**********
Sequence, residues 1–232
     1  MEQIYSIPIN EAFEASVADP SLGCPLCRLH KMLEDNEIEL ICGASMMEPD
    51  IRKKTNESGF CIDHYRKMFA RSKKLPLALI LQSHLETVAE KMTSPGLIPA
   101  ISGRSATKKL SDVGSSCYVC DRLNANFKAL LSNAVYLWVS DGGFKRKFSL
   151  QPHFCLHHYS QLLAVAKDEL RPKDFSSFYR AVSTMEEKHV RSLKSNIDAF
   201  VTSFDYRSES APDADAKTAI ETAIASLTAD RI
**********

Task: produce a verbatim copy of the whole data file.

Sequence, residues 1–232
     1  MEQIYSIPIN EAFEASVADP SLGCPLCRLH KMLEDNEIEL ICGASMMEPD
    51  IRKKTNESGF CIDHYRKMFA RSKKLPLALI LQSHLETVAE KMTSPGLIPA
   101  ISGRSATKKL SDVGSSCYVC DRLNANFKAL LSNAVYLWVS DGGFKRKFSL
   151  QPHFCLHHYS QLLAVAKDEL RPKDFSSFYR AVSTMEEKHV RSLKSNIDAF
   201  VTSFDYRSES APDADAKTAI ETAIASLTAD RI